Gagic v Network Rail

Published: 30/04/2019 | News

Helen Hobhouse successfully represented Network Rail in the recent case of Gagic v Network Rail. A summary of the case is provided below.

At around half past midnight on 13th December 2014 two 16 year old girls, Milena Gagic and Amelia Hustwick, crossed onto the pedestrian level crossing at Hipperholme near Halifax and sat down on the gap between the two sets of rails.

As they were chatting to each other the Northern Rail service from Manchester to Leeds passed through the crossing. Milena was struck and killed by the oncoming train but Amelia was unhurt.

In a statement to British Transport police after the accident Amelia said that she and Milena had smoked cannabis shortly before going to the crossing and that because it was late they didn’t think trains would be running.

About 7 years prior to this incident the rail industry had introduced a Night Time Quiet period across the network. This policy, which followed complaints from members of the public that train horns were disturbing their sleep, resulted in a ban on the use of horns at whistle board crossings between 11pm and 7am.

Hipperholme Crossing was a whistle board crossing. Trains therefore sounded their approach between 7am and 11pm but there was no audible warning of approaching trains during the Night Time Quiet Period.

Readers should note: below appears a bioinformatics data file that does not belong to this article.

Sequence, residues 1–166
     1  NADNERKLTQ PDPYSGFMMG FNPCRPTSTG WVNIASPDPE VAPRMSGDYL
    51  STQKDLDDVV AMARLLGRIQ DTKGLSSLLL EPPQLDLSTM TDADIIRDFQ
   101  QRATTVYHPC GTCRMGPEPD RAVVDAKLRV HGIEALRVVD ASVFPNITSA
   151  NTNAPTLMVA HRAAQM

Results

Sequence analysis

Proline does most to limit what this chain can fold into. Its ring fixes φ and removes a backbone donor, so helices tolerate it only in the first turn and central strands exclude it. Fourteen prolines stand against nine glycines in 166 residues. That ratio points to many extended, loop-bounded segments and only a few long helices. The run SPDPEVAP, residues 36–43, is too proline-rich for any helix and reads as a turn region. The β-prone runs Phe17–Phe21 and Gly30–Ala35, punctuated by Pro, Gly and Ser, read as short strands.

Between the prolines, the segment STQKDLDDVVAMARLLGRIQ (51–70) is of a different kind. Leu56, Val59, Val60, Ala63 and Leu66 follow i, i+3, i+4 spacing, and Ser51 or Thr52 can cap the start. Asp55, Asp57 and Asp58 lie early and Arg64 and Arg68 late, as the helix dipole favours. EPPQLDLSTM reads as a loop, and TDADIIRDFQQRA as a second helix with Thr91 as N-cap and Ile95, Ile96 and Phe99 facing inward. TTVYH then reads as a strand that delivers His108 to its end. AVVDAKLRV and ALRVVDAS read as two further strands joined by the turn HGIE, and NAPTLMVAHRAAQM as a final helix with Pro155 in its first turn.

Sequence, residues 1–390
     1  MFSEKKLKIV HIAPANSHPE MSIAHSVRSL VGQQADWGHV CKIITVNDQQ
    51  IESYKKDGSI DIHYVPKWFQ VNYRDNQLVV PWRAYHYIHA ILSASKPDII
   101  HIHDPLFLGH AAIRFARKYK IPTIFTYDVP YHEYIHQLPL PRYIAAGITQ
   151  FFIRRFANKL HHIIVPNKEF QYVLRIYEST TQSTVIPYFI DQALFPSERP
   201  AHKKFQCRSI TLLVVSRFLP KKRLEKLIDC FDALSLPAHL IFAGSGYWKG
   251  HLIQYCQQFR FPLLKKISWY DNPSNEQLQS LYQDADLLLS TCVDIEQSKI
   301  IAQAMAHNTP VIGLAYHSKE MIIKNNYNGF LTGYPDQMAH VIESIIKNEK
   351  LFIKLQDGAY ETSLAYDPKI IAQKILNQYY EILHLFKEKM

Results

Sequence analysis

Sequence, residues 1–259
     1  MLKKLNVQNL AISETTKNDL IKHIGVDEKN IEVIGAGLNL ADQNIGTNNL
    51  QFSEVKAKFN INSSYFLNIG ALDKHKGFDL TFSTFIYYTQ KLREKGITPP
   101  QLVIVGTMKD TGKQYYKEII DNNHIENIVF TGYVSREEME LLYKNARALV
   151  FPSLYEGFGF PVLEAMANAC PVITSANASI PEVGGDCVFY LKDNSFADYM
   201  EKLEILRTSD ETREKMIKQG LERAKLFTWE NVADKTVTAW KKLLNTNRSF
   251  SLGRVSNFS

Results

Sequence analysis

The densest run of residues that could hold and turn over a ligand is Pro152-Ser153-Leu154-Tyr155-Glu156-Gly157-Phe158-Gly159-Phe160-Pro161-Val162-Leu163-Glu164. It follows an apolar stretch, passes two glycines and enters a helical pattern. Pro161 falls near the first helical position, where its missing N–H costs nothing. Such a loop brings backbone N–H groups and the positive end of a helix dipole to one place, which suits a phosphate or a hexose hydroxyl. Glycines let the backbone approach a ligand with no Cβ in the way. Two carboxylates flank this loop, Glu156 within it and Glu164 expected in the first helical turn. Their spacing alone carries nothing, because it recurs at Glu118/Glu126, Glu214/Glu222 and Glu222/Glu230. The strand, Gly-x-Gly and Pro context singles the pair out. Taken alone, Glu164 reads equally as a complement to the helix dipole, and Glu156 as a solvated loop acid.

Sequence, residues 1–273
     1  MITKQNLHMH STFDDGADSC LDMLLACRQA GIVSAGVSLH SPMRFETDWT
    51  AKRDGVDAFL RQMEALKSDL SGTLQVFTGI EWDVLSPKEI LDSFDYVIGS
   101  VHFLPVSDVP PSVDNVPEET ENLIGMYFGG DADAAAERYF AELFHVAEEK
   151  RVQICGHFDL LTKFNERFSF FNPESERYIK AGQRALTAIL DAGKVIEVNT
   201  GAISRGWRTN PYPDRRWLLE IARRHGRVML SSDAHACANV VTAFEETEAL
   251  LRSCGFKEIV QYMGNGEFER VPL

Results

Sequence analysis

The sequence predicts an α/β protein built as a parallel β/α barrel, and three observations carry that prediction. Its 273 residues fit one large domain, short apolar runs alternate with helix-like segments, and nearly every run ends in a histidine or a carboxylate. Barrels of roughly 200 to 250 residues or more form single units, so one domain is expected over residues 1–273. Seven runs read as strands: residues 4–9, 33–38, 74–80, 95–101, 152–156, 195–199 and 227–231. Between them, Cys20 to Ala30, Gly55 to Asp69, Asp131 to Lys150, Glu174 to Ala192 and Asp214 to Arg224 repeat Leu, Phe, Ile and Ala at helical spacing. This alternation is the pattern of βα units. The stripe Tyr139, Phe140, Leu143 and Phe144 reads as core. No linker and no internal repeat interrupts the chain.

There was a regulation sign at the crossing warning users of the crossing to “Stop, Look Listen. Beware of Trains”.

Milena’s mother brought a claim against Network Rail alleging that following the introduction of this ban on the night time use of horns Network Rail should have installed a new sign warning users of the crossing that night time trains would not sound their horns.

At the trial before Her Honour Judge Baucher, Miss Hobhouse, acting on behalf of Network Rail, argued that the regulation signage was sufficient to warn users of the crossing that they were approaching a level crossing and to take care when using the crossing. Given that the girls had ignored the sign that was there, there was no basis upon which the court could reasonably conclude that a different sign would have made any difference to the outcome. The effective cause of the accident, it was argued, was not any fault of the part of Network Rail but the girls’ reckless actions in deciding to sit down in the path of oncoming trains.

In her judgement, dismissing the claim, the judge agreed that Network Rail were not in breach of any duty of care in respect of the signage. It was her view that it should have been obvious to anyone using the crossing that it would be unsafe to stop or sit down. She also doubted whether the girls would have paid any regard to any alternative signage and on that basis the claim failed on causation as well as breach.